One vote in agreement here.
I've been guilty of this, too, so not just pointing fingers at others, but:
Many of the responses in here and many of my own encounters and discussions
with proponents of the model have been characterized by a more or less
subtle bad attitude. Not that this happens all the time, but way too often.
- been-there, done-that replies (long suffering sigh almost audible) to
people's questions. Hey, if we can't answer a legitimate question in a
polite, supportive manner, why not just stay quiet?
- militancy towards people groping forward. People see the problems with
schooling, and are struggling in what often looks like a near-vacuum to make
it better. It wouldn't kill us to acknowledge their efforts - ya know, home
schooling isn't as good as a Sudbury education. So? If someone who may live
a thousand miles from the nearest Sudbury school has risked the ire of
friends, family and the establishment to try to give their kids something
better, that's a great and noble thing. It wouldn't hurt us to acknowledge
that every once in a while before we unload the dump truck of reasons why
it's not good enough.
- somebody asks a question here - and gets a reading list or a reference to
archived discussions in response. I would suggest a reading list is a good
response to a request for a reading list, but not to a question posted to a
*discussion* group. It's like we don't have time or interest in responding?
Then don't respond.
- as Alan mentioned, the whole 'democratic classroom' thing - sure, it's
partial and limited, and those of us with any real experience with the model
can see that the whole idea of a democracy within a traditional coercive
school is fundamentally and fatally flawed - but can't we spend a line or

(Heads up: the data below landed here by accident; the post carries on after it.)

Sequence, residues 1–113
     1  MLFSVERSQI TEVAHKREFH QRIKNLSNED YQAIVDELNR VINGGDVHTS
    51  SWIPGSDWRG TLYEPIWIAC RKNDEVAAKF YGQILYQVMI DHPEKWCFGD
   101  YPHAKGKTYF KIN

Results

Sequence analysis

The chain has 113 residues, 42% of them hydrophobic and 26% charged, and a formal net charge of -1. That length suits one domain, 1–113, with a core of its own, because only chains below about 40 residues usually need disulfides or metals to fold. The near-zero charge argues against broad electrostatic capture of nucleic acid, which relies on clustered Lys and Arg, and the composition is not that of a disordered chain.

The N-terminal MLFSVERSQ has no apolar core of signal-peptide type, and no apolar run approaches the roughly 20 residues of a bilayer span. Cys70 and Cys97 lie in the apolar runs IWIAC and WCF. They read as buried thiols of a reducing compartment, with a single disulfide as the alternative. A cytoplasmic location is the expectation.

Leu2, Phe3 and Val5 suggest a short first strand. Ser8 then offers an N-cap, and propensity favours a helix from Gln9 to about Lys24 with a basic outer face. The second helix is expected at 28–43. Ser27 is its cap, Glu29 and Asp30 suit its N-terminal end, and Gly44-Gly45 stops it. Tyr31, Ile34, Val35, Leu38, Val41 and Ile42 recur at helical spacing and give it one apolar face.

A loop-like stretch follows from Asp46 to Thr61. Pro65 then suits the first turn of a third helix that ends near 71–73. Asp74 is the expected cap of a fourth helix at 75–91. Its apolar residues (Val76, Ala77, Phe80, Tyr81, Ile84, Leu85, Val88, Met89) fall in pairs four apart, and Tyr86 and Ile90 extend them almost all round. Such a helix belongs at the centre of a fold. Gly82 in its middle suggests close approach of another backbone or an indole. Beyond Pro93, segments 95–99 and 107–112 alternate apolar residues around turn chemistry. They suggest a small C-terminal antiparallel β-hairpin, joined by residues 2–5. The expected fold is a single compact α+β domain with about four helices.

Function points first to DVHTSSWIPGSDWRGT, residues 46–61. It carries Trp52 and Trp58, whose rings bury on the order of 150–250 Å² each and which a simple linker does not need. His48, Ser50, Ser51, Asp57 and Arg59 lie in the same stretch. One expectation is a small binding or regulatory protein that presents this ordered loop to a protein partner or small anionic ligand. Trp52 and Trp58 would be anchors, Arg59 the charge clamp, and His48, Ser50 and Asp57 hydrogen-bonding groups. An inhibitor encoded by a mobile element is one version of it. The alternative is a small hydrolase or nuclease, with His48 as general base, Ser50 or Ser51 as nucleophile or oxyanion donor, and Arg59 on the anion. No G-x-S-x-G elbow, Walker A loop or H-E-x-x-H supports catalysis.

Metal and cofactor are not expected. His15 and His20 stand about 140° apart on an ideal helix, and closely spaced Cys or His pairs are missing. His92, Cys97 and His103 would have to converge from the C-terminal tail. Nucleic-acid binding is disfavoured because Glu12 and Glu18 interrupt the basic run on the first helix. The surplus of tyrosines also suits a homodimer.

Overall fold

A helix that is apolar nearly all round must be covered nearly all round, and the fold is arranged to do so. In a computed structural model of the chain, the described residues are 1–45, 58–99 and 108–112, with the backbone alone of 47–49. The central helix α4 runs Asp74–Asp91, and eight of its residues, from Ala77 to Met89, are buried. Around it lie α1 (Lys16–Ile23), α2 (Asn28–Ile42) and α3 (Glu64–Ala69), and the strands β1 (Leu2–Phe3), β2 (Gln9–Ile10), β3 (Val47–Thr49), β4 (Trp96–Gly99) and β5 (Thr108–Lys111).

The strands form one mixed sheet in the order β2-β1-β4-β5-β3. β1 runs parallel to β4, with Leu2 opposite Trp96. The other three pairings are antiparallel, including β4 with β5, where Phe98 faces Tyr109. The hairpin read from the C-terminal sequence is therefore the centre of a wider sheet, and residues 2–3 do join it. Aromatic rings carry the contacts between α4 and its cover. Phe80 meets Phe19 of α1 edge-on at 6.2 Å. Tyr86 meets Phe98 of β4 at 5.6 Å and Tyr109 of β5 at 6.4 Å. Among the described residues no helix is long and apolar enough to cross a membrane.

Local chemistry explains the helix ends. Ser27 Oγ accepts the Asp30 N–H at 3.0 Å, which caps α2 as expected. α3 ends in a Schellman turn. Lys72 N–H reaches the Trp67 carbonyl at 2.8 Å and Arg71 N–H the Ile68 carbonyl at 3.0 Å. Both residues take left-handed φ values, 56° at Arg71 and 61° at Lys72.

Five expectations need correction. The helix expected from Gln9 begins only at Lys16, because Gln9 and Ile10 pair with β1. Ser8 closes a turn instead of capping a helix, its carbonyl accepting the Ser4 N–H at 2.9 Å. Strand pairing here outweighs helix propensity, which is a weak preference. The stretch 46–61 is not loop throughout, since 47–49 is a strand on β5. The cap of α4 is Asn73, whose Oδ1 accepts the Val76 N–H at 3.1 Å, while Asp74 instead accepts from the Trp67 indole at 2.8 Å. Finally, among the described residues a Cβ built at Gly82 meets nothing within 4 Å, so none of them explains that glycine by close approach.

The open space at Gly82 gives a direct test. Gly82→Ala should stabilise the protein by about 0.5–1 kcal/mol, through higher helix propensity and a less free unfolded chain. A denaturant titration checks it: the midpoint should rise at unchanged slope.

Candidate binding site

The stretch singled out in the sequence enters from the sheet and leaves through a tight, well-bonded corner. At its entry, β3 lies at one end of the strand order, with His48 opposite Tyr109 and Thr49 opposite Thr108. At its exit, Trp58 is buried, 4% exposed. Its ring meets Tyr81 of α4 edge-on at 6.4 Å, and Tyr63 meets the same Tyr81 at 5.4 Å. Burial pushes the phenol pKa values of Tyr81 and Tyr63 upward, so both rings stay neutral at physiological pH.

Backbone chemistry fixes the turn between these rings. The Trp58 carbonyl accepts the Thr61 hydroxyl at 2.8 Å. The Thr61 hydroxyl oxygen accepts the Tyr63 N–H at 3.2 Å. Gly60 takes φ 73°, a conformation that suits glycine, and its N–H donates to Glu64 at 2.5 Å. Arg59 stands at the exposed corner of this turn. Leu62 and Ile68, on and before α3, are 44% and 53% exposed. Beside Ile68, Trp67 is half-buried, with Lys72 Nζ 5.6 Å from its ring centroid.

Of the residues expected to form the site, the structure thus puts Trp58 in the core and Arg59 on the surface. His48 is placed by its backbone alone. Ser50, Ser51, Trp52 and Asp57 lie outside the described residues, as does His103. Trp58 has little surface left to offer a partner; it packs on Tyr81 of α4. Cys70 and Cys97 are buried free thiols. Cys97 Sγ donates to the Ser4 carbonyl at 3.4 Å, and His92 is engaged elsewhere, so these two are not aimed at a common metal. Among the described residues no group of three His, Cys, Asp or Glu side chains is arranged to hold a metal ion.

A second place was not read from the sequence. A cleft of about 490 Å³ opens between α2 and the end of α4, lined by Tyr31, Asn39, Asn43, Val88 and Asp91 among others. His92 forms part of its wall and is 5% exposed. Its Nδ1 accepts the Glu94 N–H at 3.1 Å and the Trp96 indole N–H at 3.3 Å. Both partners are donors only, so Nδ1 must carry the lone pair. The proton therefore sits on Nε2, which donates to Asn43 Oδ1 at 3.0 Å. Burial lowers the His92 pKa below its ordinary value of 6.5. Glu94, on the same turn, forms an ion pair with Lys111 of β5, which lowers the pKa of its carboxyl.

two acknowledging the attempt and sympathizing before we shoot it down? And
then, shoot it down as gently as possible? Just because we may be tired of
hearing of it doesn't mean it might not be a shining moment for the poster
who tried it.
I'd chalk this all up to the lack of nuance inherent in an email chat list,
except that it also characterizes many of the face to face encounters I've
had. And, unfortunately, it's not just me - I've asked others who have come
in contact with proponents of the school about how it left them feeling, and
had a couple of those 'oh, you too?' moments.
Note that I'm not suggesting watering anything down, least of all the
philosophy that underlies our schools. I'm suggesting a little more sympathy
and a little less militancy in supporting our views. If I had to describe
the net emotional impression I've gotten from all my dozens of encounters
with other proponents of the model on a 'warm, sympathetic and supportive'
to 'cold, aloof and off-putting' scale, it would be, frankly, way closer to
the cold end. If it weren't for the beauty of the philosophy (and the
enthusiasm of Amy Erez, who was my first encounter with Sudbury) I might not
have been able to see past the defensiveness and possessiveness of
supporters of the model.
Sorry, this got real long, but one last thing: Maybe the model is like a
child. Maybe, in our well-intentioned efforts to protect it and nurture it,
we've in fact been smothering it and stunting its growth. Maybe we need to
have more confidence in it, to trust that it can stand up and make its way
in the world without us fussing over it so much. Personally, I've been
trying to develop a much more open and supportive attitude towards both the